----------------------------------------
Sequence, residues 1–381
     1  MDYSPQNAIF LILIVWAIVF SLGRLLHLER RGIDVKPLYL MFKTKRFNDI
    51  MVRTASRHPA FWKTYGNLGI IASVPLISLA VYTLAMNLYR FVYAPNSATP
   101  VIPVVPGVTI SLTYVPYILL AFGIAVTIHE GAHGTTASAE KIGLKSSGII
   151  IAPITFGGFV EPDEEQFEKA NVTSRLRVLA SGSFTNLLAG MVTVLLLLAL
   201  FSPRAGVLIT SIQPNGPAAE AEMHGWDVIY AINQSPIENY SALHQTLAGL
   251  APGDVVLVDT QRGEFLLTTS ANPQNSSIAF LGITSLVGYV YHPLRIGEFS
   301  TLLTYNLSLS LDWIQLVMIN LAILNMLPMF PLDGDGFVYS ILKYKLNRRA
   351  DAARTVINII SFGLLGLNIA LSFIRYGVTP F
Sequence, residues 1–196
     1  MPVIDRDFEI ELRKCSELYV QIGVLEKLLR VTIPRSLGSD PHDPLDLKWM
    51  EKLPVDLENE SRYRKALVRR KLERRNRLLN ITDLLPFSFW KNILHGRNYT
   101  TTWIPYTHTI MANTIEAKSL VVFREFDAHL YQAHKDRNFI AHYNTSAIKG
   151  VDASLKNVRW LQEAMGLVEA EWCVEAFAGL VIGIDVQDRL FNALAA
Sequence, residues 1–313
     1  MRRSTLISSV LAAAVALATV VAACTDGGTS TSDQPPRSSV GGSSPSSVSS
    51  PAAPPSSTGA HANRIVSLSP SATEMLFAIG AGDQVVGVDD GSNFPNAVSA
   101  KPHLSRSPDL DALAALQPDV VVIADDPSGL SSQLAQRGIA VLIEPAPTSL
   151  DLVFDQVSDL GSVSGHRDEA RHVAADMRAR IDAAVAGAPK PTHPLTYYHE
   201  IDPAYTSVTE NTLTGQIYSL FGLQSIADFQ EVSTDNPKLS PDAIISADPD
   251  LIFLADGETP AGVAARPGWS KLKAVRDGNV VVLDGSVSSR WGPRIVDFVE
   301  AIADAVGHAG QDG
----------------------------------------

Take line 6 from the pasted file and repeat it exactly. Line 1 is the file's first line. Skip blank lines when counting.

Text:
   201  FSPRAGVLIT SIQPNGPAAE AEMHGWDVIY AINQSPIENY SALHQTLAGL